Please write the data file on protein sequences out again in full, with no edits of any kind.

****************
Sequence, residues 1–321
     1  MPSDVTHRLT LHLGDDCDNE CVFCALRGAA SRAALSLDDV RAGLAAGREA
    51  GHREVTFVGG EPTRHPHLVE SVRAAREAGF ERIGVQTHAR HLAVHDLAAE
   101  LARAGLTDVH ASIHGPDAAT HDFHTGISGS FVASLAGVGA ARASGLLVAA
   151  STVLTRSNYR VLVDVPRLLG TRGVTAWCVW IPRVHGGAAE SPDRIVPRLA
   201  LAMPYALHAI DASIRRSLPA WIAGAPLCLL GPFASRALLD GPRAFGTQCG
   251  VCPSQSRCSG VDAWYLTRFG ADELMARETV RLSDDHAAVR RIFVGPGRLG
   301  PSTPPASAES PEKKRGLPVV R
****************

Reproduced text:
Sequence, residues 1–321
     1  MPSDVTHRLT LHLGDDCDNE CVFCALRGAA SRAALSLDDV RAGLAAGREA
    51  GHREVTFVGG EPTRHPHLVE SVRAAREAGF ERIGVQTHAR HLAVHDLAAE
   101  LARAGLTDVH ASIHGPDAAT HDFHTGISGS FVASLAGVGA ARASGLLVAA
   151  STVLTRSNYR VLVDVPRLLG TRGVTAWCVW IPRVHGGAAE SPDRIVPRLA
   201  LAMPYALHAI DASIRRSLPA WIAGAPLCLL GPFASRALLD GPRAFGTQCG
   251  VCPSQSRCSG VDAWYLTRFG ADELMARETV RLSDDHAAVR RIFVGPGRLG
   301  PSTPPASAES PEKKRGLPVV R